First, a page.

Organized by the San José Museum of Art, the exhibit provides an expansive look at the last decade of Akashi’s oeuvre. Works include photography, glass objects, bronze sculptures and site-specific installations, plus new pieces created in response to her father’s time in a Japanese-American incarceration camp during World War II, exploring the lasting impact of inherited trauma.
Kelly Akashi, “Cultivator (Hanami)” (2021, flame-worked borosilicate glass, bronze); PHOTO COURTESY OF THE MUSEUM OF CONTEMPORARY ART SAN DIEGO
Initially trained as an analog photographer, Akashi diverts from her instruction, utilizing fluid or malleable materials and advanced techniques like glass blowing, bronze casting and rope making. Akashi’s works frequently combine glass and wax with unique bronze casts of her own hand that capture the human form in its varying states.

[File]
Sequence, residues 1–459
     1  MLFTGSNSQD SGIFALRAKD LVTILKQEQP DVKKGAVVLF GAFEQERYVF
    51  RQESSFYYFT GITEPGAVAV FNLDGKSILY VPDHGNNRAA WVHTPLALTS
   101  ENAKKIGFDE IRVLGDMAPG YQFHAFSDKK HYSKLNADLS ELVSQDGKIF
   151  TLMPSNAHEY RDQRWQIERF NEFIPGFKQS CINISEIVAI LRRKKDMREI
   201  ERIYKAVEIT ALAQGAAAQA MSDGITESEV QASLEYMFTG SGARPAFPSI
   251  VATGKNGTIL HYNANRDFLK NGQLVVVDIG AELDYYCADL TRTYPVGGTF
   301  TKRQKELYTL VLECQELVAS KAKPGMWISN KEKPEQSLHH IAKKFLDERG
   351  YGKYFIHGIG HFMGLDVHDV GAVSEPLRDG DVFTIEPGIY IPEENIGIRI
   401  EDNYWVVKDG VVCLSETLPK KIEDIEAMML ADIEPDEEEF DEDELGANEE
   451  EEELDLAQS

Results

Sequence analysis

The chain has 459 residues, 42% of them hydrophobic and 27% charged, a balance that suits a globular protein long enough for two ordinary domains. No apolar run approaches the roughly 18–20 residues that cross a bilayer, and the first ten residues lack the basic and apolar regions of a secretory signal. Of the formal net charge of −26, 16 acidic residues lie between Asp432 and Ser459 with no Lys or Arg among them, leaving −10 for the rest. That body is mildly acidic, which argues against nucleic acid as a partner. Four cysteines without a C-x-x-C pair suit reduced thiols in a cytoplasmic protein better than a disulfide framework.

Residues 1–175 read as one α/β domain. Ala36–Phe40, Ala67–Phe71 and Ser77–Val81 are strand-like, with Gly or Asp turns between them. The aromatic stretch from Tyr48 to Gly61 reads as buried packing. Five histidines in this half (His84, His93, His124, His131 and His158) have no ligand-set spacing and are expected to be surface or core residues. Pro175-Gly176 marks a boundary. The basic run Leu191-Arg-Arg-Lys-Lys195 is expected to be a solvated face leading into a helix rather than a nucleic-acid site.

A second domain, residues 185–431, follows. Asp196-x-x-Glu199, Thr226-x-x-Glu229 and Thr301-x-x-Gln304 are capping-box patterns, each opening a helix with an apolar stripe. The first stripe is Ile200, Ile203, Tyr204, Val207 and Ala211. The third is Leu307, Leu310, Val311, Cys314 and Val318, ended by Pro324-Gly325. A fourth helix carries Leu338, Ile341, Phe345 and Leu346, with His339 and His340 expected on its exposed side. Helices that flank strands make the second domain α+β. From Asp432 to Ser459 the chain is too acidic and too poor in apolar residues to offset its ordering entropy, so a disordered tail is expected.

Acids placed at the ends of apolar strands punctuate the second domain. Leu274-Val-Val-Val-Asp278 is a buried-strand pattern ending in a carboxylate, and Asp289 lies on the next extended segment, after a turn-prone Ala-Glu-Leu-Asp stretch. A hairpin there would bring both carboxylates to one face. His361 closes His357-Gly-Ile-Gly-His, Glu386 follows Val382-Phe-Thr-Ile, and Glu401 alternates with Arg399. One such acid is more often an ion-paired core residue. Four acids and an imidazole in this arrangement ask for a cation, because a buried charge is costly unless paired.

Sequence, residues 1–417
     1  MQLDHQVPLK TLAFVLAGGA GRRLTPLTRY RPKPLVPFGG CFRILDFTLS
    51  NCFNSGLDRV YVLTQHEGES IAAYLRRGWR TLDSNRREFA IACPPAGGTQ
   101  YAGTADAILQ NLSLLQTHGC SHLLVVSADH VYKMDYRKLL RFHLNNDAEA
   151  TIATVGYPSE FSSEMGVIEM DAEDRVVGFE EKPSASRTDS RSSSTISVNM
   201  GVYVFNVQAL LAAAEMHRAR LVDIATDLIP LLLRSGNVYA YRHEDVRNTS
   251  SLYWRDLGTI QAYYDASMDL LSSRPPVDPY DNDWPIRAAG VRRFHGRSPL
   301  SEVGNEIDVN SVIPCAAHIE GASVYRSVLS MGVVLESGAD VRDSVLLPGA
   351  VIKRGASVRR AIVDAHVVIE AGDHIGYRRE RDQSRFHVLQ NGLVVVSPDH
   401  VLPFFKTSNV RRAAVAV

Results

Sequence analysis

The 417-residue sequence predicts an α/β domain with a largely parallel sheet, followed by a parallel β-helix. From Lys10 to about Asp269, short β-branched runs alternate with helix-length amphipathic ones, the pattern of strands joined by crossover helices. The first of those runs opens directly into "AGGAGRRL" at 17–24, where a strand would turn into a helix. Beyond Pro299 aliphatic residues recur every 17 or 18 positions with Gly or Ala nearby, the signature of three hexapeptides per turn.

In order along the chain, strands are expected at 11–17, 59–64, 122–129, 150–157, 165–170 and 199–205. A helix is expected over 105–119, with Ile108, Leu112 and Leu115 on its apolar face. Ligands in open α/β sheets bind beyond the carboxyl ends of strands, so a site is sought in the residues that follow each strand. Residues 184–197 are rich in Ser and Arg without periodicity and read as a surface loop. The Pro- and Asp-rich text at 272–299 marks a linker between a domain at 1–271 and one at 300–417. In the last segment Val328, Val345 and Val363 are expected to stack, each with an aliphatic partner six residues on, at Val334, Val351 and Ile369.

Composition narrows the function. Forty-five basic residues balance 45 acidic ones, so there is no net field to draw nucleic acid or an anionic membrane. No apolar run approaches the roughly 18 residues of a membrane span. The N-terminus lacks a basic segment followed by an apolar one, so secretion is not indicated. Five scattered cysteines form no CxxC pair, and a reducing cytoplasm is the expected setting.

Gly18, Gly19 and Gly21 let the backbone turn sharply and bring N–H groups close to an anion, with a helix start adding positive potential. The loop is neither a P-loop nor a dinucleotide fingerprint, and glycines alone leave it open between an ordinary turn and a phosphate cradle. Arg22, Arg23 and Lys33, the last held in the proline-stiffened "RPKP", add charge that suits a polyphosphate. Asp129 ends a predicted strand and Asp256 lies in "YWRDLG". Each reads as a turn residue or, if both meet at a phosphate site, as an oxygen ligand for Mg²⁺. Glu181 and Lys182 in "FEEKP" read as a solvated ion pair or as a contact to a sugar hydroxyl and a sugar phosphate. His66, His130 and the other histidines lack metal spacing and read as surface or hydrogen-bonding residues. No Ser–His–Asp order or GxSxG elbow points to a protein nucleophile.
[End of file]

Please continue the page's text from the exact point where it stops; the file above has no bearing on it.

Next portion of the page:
“Being a craft person means that you are part of a bigger tradition,” says Akashi. “There is a massive community that has passed down knowledge through generations. Through these oral histories, we can feel both time and the people who cared to cultivate the crafts and passed them forward.”
Catch exhibition exclusives such as the debut of “Conjoined Tumbleweeds,” the artist’s most extensive bronze work to date, and “Be Me (Californian— Japanese Citrus),” a stainless steel cast of a fruit tree as a nod to the artist’s hybrid cultural roots. Part of Akashi’s ongoing Be Me series, it exemplifies the desire to erase the dichotomy between the self and other and experience the two in a fascinating harmony.